05 May 2015

Unique extension to Victorian semi is the perfect fit

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Shoe designer Rupert Sanderson employed David Kohn Architects to create a unique extension for his Victorian semi-detached house in Tufnell Park, North London.

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Rupert Sanderson, his wife Rowan Routh and their three young sons were looking to extend their North London Victorian home. The house had only a narrow scullery-type kitchen with only a small window to the garden. The aim was to extend and open up the space into a generous room that addressed the back garden for the family to spend time together in, eating, playing and relaxing.

The house was built in the 1860s on land gifted to the Mercers Company – the twelfth century cloth merchants’ guild. It is built predominantly of stock London yellow brick with a more elaborate red brick front facade and matching red brick details, such as the lintels over windows. The 20m long garden benefitted from a widening adjacent to the house, where a garage had been built, stepping 2m into the neighbouring property. Being in Islington’s Mercers Road/Tavistock Terrace Conservation Area, there were constraints on development. This meant that Rupert had struggled with planning consent and had his first application rejected.

He decided to bring David Kohn Architects on board with the project to help work around the complicated restrictions. Their approach was to have a strong concept for the remodeling that directly addressed the Conservation Area guidance relating to scale, massing, detailing and materials. This time the planning application was successful and work was completed last year.

Space optimisation

The new extension is the full width of the site. A concrete frame supports the first floor return and creates a screen to the garden. Externally, the concrete frame has been faced in red brick slips that match the front facade and brick lintels.

The newly elevated status of the rear facade effectively gives the house two faces – an arrangement that the British architect, Peter Smithson, once referred to as a ‘Janus building’. In the early design stages, the project was described to the three boys as a fox in the garden and the story stuck. The red brickwork is given a textural quality, like a coat, through varying the orientation of the brick, reminiscent of Finnish modernist architect, Alvar Aalto’s Muuratsalo Experimental House.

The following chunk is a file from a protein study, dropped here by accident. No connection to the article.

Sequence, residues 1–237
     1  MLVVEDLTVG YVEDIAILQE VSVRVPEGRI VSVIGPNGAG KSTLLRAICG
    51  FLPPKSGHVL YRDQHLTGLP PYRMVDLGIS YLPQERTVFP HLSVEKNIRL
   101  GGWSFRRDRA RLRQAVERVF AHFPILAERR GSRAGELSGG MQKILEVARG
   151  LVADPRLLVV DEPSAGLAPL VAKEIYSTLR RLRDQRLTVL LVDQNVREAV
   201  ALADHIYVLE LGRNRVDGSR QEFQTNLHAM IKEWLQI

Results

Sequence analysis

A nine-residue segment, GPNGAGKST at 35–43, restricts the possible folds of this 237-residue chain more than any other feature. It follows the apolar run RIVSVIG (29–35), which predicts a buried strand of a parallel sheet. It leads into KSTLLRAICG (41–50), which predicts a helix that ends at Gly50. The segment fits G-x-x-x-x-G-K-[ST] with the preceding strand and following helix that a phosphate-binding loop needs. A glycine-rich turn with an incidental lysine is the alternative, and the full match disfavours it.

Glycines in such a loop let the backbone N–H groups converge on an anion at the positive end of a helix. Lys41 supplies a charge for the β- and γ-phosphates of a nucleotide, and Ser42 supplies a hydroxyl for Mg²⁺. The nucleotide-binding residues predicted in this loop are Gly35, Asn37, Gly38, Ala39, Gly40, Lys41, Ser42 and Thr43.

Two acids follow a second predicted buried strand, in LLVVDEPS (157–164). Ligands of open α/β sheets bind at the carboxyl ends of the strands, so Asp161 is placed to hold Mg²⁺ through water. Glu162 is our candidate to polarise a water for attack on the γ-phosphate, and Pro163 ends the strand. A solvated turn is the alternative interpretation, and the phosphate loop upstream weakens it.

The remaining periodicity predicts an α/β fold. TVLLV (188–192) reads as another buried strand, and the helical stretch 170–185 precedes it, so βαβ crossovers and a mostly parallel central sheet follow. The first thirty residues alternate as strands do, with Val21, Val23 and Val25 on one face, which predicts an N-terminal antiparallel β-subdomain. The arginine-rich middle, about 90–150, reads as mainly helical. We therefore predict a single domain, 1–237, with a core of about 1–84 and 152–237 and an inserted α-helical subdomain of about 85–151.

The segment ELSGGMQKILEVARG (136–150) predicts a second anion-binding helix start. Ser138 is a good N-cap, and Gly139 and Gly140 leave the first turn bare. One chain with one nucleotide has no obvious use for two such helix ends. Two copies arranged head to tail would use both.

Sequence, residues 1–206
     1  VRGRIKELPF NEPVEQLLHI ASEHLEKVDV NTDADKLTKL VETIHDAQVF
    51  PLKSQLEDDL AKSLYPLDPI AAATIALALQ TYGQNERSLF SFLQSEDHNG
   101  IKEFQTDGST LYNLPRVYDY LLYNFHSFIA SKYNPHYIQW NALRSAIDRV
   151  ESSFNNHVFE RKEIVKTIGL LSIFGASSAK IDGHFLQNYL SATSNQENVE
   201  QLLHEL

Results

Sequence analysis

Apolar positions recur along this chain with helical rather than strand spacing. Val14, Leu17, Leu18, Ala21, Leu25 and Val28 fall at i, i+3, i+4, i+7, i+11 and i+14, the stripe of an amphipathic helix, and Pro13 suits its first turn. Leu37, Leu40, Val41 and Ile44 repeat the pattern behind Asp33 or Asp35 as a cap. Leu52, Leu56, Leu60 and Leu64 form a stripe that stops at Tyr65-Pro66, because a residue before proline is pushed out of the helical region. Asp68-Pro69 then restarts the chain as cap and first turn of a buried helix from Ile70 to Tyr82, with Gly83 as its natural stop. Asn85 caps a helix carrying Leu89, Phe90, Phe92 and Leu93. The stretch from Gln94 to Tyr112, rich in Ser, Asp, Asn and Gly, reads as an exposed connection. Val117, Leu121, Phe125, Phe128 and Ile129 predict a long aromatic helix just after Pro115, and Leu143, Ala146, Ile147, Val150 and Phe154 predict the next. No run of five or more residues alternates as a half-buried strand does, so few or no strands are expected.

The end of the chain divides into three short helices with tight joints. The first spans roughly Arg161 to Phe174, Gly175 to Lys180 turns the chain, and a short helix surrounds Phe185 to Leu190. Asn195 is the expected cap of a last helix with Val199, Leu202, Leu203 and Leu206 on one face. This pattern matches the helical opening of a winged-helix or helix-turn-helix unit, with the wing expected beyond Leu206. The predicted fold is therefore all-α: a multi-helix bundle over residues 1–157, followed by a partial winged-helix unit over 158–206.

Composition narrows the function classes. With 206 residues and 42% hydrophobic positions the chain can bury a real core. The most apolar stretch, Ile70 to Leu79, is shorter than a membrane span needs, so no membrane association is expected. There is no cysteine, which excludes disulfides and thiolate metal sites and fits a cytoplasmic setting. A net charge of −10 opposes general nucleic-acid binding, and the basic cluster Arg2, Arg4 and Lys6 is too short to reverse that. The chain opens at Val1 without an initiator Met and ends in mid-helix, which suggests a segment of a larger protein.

The extension is intended to feel like a pergola, with concrete columns framing outdoor spaces. The finished space is divided into three zones, a kitchen with island unit, a dining room and a small winter garden. The dining area is a tall barrel-vaulted space with a new high-level arched internal window to the original house and a circular window to the garden. This arrangement ensures that when sitting in the living room one’s view is directed both to the dining room and through to the garden beyond.

In order to maintain the appearance of a structure standing in a garden, the screen of sliding metal-framed glazed doors are set inboard of the concrete columns, the back of which are therefore seen through the glazing.

The garden faces north, so efforts were made to improve daylight to the rear of the building and provide optimal opportunities for outdoor living. Therefore, three small trees were felled, significantly increasing light onto the rear facade. A paved terrace was laid that swells into the garden at exactly the spot where the sun lingers longest in the summer months.

Colourful charisma

The interior is both materially rich and colourful. Materials were chosen for their textural qualities and contribution to the comfort of the space. Profiled timber facing to the kitchen island performs an acoustic function; end grain parquet mats inserted in the concrete floor give clear definition to the kitchen and dining spaces and warmth under foot; gloss black tiles reflect light and give the kitchen a greater depth. The bold colours – tertiary blue, green and yellow – are reminiscent of Adolf Loos' modernist interior design within his Viennese houses of the 1920s. The intention was that the walls would be densely hung with art works, which Rupert has begun to do, such that the feeling of the space was one of conviviality and in a cultured life close to nature.

In terms of the architect’s inspiration, the project develops themes first realised in other projects Carrer Avinyó – a refurbished apartment in Barcelona – and Stable Acre – a holiday home in Norfolk. The practice is interested in a highly contextual architecture, freed from rigid formal and material constraints, that is both conceptually rigorous and playful.

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